Articles 3 and 5 of the Universal Declaration of Human Right state, “everyone has the right to life, liberty and security of person” and “everyone has the right to recognition everywhere as a person before the law”[21]respectively. The preamble of the Nigerian Constitution states, “to provide for a Constitution for the purpose of promoting the good government and welfare of all persons in our country, on the principles of freedom, equality and justice, and for the purpose of consolidating the unity of our people.”[22] As the highest law in the land, the constitution goes on to discuss the principles of democracy, social justice equality of status, and claims to frown upon discrimination of any kind. Clearly President Jonathan hasn’t read those parts. Aside from being a violation of international human rights, and the protections and rights enshrined in the Nigerian constitution, this law will also prevent people from accessing vital public health services and threaten their very survival. This law also doesn’t account for those between genders, intersex and transgender/sexual persons.  Professor Wole Soyinka affirms “the biological truth is this: some are born with imprecise gender definition, even when they have sexual organs that appear to define them male or female. Years, indeed decades of scientific research have gone into this, so what is needed is understanding and acceptance, not emotionalism and the championing of ‘moral’ or ‘traditional’ claims.”[23] I would argue that this law is yet another desperate attempt by our Oga at the top at misdirection. With this law, he has effectively thrown the masses a rather cheap and scanty bone to further distract them from the actual problems with governance in our society. The smoke screen is successfully deflecting attention because Nigerians seem to be susceptible to the same tricks throughout our history. We delight in creating vacuous binaries, highlighting difference, searching for otherness instead of looking for points of coalition in hopes of improving our collective situation. Nigeria’s own rapper and cultural icon M.I. admits, “life is bisexual anybody can blow.”[24] Indeed human beings are very complex and nuanced creatures, no one, not even Jonathan Goodluck, his cohorts and the fictitious 90% can begin to fathom the fullness of human condition. We are all the sum of our parts, and the law should strive to preserve, embrace, and protect the diversity of its population at all costs.

 By: OsaZami -lobuhle- Oh




[1] Lorde, Audre. “The Transformation of Silence Into Language and Action.” “Lesbian and Literature Panel”. Modern Language Association, Chicago, Illinois. 28 Dec. 1977. Lecture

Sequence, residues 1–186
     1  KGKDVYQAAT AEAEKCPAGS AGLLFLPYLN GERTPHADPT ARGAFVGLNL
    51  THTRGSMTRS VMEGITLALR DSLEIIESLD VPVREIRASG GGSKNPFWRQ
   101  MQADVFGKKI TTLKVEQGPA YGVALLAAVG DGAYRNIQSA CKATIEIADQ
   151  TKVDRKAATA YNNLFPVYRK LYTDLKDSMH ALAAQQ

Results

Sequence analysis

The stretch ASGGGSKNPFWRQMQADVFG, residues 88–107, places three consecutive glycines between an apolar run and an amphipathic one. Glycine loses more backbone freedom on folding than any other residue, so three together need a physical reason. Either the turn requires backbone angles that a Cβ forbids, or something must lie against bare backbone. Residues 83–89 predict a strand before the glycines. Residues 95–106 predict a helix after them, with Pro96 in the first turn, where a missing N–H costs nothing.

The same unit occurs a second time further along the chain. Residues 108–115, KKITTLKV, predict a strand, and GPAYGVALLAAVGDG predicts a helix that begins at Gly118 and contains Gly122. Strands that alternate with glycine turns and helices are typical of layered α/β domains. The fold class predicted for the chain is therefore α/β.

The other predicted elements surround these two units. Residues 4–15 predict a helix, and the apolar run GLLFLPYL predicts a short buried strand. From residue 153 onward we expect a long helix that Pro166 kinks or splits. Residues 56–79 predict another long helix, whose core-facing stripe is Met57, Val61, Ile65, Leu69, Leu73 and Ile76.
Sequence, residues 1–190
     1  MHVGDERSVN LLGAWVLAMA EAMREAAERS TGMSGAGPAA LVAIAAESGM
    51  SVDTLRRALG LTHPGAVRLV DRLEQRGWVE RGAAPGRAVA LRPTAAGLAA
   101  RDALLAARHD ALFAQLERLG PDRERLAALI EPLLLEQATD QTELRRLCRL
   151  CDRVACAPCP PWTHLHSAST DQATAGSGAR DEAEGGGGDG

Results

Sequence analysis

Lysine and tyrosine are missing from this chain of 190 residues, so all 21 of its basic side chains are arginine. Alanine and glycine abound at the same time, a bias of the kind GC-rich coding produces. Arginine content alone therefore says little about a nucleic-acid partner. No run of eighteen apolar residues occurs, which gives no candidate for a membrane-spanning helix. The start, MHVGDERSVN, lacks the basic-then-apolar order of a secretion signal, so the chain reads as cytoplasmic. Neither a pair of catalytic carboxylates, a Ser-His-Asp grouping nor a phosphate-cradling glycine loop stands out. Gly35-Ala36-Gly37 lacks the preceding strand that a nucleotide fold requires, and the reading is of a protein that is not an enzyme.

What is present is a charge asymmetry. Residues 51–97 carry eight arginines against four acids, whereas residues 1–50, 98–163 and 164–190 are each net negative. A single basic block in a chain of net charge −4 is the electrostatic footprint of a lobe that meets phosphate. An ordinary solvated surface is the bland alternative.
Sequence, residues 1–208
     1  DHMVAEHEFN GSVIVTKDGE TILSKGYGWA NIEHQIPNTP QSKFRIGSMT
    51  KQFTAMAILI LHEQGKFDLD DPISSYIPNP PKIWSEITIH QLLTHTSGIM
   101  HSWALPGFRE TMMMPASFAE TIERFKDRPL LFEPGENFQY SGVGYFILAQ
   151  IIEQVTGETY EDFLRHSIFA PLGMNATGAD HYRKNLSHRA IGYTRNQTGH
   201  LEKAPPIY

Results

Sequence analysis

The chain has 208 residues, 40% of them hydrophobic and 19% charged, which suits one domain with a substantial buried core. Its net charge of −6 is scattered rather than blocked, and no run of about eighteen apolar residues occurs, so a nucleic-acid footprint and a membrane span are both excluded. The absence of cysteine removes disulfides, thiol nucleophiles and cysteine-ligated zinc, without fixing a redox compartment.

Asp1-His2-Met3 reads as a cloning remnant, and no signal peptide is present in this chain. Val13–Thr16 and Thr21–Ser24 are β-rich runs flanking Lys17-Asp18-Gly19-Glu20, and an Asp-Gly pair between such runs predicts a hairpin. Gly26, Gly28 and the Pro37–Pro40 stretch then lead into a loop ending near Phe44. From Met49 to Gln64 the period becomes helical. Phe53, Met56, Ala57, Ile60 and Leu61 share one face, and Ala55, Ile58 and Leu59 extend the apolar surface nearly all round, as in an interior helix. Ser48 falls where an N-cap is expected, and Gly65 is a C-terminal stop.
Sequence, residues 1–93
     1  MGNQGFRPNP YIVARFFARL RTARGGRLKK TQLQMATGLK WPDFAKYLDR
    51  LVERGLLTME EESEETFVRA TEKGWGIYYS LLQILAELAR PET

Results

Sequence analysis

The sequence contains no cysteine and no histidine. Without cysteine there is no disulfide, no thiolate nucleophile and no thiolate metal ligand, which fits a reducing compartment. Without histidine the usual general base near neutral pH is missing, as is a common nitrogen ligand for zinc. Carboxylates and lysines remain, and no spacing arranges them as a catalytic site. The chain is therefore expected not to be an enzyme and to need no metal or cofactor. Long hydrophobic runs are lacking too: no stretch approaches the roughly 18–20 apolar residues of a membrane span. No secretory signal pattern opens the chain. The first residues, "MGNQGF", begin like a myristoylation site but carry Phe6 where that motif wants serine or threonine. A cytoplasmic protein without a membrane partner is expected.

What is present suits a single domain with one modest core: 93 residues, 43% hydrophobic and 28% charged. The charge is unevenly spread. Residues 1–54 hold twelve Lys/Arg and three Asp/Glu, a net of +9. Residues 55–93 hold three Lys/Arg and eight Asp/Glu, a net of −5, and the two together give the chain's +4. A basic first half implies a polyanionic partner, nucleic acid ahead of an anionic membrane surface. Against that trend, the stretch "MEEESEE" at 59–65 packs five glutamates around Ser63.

[2] Hurston, Zora Neale, speaking on civil rights and discrimination see “Crazy for This Democracy” in Negro Digest December 1945 | “How It Feels to Be Colored Me”, in The World Tomorrow May 1928.

[3]Mandela, Nelson R. “Address to the Joint Session of the House of Congress of the USA.” Joint Session of Houses of Congress. House of Congress, Washington, DC United States of America. 26 June 1990. Speech.

[4] Jolly, Susan. “‘Queering’ Development: Exploring the Links between Same-Sex Sexualities, Gender, and Development.” Gender and Development, 8.1 (2000): 78-88. Print.

[5] Jolly, Susan. “‘Queering’ Development: Exploring the Links between Same-Sex Sexualities, Gender, and Development.” Gender and Development, 8.1 (2000): 78-88. Print.

[6] Gruenbaum, Ellen. “Sexuality Issues in the Movement to Abolish Female Genital Cutting in Sudan.” Medical Anthropology Quarterly 20.1 (2006): 121-38. Print.

[7] King Jr, Martin L. “Letter from Birmingham Jail.” Letter to Fellow Clergymen. 16 Apr. 1963. MS. Jail, Birmingham, Alabama. Via

[8] Binnie, Jon. The Globalization of Sexuality. London: Sage, 2004. Print.

[9] Hainsch, Carol. The Personal Is Political: The Original Feminist Theory. Notes from the Second Year: Women’s Liberation. February 1969. Essay. Via


[10] Lorde, Audre.  Zami, a new spelling of my name. Crossing Press. 1982. | DiBernard, Barbara, “ZAMI: A PORTRAIT OF AN ARTIST AS A BLACK LESBIAN” (1991).Faculty Publications — Department of English.Paper 28.

[11] Cummins, Joseph. History’s Great Untold Stories. National Geographic, 2007. | Edgerton, Robert B. Warrior Women. Westview, 2000. | Forbes, Frederick Edwyn. Dahomey and the Dahomans. Longman, 1851. | Shaw, Albert. The Review of Reviews. Review of Reviews, 1892. Via | See also Libyan amazons

[12] Kcee. “Pullover.” Pullover. Kcee Featuring Wizkid. Five Star Music, 2014. MP3.

[13] Ikechukwu. Wind Am Well. Ikechukwu Featuring Don Jazzy. Don Jazzy, 2008. MP3.

[14]Blackwood, Evelyn, and Saskia Wieringa. Female Desires: Same-sex Relations and Transgender Practices across Cultures. New York: Columbia UP, 1999. Print.

[15]Morgan, Ruth, and Graeme Reid. “‘I’ve Got Two Men and One Woman’: Ancestors, Sexuality and Identity among Same Sex Identified Women Traditional Healers in South Africa.” Culture, Health & Sexuality 5.5 (2003): 375-91. Print. | Gunkel, H., The Cultural Politics of Female Sexuality in South Africa, Routledge Research in Gender and Society, 2012, Taylor & Francis

[16]Effiong, Philip. Nigerian “Fattening” Rooms: Reinventing the total Woman. 2013 Via

[17]Effiong, Philip. Nigerian “Fattening” Rooms: Reinventing the total Woman. 2013 Via

[18] Epprecht, Marc  Allah Made Us: Sexual Outlaws in an Islamic African CityAfrican Studies Review
Volume 53, Number 1, April 2010.

[19]Amadiume, Ifi. Male Daughters, Female Husbands: Gender and Sex in an African Society. London: Zed, 1987. Print.

[21] Universal Declaration of Human Rights (UDHR) Articles 3, 5, 6, 7, 21, 27, 29, 36 and 38. It is also in violation of the African Charter on Human and Peoples Rights, the Convention against Torture, Convention on the Elimination of All Forms of Discrimination against Women (CEDAW), International Covenant on Civil and Political Rights (ICCPR), International Covenant on Economic, Social and Cultural Rights (ICESCR).

[22]Constitution of the Federal Republic of Nigeria, § Preamble ( 1999). Online.

[23]Soyinka, Wole. “The Sexual Minority and Legislative Zealotry.” This Day Live, 7 Dec. 2012. Web. 27 Jan. 2014.

[24] M.I. “Anybody.” MI2 the Movie. M.I Featuring Timaya & Loose Kaynon. Chocolate City Music, 2011. MP3.